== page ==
Astronomers zoom in on megastar's juvenile outburst

A handout photo released on February 9, 2017 by Nature shows iPTF13dqy (SN2013fs) which exploded in a relatively nearby (160 mil
A handout photo released on February 9, 2017 by Nature shows iPTF13dqy (SN2013fs) which exploded in a relatively nearby (160 million light years) spiral galaxy on October 6, 2013

A long time ago, in a galaxy far away, a supergiant red star ended its life in a spectacular explosion known as a supernova.

The light from that event took 160 million years to reach Earth where, in a stroke of luck, robot telescopes scanning the happened upon it on October 6, 2013.

On Monday, astronomers said the chance discovery allowed them to study the earliest phase of a supernova yet—just three hours after it erupted.

"We immediately knew that what we have in hand is extremely unique," Ofer Yaron of the Weizmann Institute of Science in Israel, lead author of a study in the journal Nature Physics, told AFP.

"We managed to observe this event when (it was) very young."

The supernova was named SN 2013fs.

Scientists are keen to study the early phases of supernovae, seeking insights into the moments just before expire in such dramatic fashion.

But without knowing when and where in the vast Universe a supernova will occur, they are rarely spotted before they are already several days old and most of the debris has dispersed.

Supernovae are normally observable over a time scale of about a year, but their peak brightness lasts between several days and several weeks, said Yaron.

Until recently, catching a supernova a week after detonation was considered early.


The light of massive stars and their explosions can take several millions or billions of years to reach Earth.

In the case of SN 2013fs, the light's 160-million-year trip was snared by an automated scan by the Palomar Observatory near San Diego, California, which is constantly looking for new astrophysical events.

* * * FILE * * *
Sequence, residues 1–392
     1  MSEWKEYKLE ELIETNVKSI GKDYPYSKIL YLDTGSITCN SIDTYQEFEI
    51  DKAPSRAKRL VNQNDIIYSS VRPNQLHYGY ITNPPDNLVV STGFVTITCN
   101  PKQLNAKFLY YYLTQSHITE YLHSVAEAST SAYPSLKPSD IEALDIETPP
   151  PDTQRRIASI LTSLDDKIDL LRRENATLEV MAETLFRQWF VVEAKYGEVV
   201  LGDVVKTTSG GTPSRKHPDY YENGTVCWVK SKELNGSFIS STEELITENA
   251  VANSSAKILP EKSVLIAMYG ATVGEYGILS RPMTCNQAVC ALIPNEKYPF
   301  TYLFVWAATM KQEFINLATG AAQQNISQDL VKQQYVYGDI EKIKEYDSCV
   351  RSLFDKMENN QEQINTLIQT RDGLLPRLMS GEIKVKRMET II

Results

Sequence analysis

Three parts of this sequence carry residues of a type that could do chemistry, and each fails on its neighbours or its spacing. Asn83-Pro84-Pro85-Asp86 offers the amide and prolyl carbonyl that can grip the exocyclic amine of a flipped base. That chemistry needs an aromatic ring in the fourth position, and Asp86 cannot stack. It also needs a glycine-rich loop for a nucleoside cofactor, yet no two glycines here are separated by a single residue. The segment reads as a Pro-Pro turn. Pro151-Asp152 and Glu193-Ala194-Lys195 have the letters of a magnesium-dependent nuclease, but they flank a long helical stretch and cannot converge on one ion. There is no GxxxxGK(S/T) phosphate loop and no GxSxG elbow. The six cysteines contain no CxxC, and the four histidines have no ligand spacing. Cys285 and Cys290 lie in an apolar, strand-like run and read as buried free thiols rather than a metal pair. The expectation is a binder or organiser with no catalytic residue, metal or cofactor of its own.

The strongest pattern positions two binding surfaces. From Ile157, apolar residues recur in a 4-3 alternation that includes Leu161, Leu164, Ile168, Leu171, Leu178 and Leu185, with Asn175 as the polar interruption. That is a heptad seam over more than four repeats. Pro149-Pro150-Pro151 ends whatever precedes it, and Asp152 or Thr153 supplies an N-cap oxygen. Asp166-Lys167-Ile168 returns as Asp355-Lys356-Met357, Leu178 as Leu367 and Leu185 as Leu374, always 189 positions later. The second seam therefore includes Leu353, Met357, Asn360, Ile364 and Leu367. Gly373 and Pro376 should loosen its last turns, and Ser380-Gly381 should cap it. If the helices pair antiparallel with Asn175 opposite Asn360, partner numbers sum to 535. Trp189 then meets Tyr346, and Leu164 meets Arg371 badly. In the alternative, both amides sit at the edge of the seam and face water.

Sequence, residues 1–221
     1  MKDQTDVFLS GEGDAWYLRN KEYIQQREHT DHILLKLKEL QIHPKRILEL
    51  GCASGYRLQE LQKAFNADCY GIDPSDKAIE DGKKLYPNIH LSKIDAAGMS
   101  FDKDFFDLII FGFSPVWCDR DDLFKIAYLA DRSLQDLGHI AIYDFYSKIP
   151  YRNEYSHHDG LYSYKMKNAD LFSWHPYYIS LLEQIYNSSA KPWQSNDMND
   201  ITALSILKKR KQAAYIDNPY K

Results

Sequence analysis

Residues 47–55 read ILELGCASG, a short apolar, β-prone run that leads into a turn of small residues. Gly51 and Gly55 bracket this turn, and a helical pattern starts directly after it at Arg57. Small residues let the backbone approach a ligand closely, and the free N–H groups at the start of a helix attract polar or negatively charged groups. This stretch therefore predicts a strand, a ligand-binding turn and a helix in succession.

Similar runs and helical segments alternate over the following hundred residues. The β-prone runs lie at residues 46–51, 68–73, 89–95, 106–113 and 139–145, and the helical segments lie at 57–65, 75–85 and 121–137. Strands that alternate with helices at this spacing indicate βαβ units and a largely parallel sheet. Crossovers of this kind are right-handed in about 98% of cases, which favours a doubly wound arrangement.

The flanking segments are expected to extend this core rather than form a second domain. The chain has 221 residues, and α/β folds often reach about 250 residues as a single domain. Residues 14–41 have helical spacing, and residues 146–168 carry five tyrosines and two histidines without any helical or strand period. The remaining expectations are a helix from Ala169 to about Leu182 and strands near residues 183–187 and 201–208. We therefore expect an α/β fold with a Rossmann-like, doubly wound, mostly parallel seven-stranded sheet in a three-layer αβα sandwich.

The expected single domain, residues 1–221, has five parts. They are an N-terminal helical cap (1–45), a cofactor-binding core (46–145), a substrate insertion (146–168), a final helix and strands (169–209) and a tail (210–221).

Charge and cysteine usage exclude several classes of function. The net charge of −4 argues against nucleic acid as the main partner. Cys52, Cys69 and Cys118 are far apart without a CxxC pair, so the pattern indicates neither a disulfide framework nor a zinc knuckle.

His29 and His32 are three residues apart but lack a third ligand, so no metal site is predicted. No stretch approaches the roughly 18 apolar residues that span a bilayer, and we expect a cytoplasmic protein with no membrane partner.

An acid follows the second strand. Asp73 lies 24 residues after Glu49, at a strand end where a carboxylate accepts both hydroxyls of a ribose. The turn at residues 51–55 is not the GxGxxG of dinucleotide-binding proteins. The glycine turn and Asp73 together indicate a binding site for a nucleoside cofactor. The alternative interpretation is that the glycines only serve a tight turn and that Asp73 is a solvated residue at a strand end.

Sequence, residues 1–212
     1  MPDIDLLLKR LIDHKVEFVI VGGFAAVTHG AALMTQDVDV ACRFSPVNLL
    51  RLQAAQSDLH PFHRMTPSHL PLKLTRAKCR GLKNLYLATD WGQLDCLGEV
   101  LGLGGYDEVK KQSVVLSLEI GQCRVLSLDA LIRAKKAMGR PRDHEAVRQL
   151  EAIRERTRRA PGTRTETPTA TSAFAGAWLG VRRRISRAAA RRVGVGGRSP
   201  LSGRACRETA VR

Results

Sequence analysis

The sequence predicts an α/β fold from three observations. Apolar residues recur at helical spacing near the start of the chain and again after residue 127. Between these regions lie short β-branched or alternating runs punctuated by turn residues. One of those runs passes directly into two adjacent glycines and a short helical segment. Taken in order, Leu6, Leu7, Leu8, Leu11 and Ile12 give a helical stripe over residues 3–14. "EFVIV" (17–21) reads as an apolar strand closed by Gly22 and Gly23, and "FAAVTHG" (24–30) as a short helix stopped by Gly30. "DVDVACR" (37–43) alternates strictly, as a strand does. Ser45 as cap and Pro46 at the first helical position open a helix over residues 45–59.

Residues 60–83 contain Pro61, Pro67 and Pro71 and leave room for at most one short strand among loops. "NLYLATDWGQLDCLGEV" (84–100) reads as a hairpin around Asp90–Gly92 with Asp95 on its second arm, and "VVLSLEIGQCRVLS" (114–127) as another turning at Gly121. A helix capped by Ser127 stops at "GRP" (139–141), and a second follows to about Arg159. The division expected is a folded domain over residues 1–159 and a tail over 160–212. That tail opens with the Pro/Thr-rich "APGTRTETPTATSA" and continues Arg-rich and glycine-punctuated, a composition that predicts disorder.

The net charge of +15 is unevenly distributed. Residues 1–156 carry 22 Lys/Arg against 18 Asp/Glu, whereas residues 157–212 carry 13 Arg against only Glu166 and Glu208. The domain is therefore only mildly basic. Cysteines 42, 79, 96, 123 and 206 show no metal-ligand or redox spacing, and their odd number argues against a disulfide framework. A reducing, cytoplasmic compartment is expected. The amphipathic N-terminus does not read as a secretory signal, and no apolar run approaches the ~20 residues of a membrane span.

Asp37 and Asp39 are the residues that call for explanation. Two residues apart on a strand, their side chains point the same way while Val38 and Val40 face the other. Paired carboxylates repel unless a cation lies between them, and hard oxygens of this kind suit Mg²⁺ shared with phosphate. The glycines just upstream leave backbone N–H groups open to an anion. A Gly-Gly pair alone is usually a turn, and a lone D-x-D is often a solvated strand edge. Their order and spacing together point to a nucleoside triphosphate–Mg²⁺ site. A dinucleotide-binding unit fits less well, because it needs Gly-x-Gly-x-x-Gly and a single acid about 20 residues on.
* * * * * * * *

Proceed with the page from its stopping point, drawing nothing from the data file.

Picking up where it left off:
A human eye spotted the celestial anomaly in telescope readings soon afterwards, and alerted other astronomers and physicists to train their instruments on the event to determine its distance, composition, temperature and other traits.

Among others, spectroscopic measurements of the light intensity were obtained from the W.M. Keck Observatory in Hawaii, and UV and X-ray readings from NASA's Swift satellite.

Yaron and a team assembled the data to reconstruct a picture of the moments before the star's dazzling demise.

They caught the event so early, said the scientists, they could still observe the presence of material expelled by the dying star in its final year of life, forming a dense shell around it.

This hinted at instability in the dying moments of the star, which they concluded had been a red supergiant.

The supernova it caused was a "regular" type, suggesting that "pre- instabilities may be common among exploding massive stars," the team wrote.

If massive stars are unstable in the months before they die, their structure may be different than assumed so far—something that has implications for modelling of the explosion process, said Yaron.

More information: Nature Physics,

Journal information: Nature Physics

© 2017 AFP

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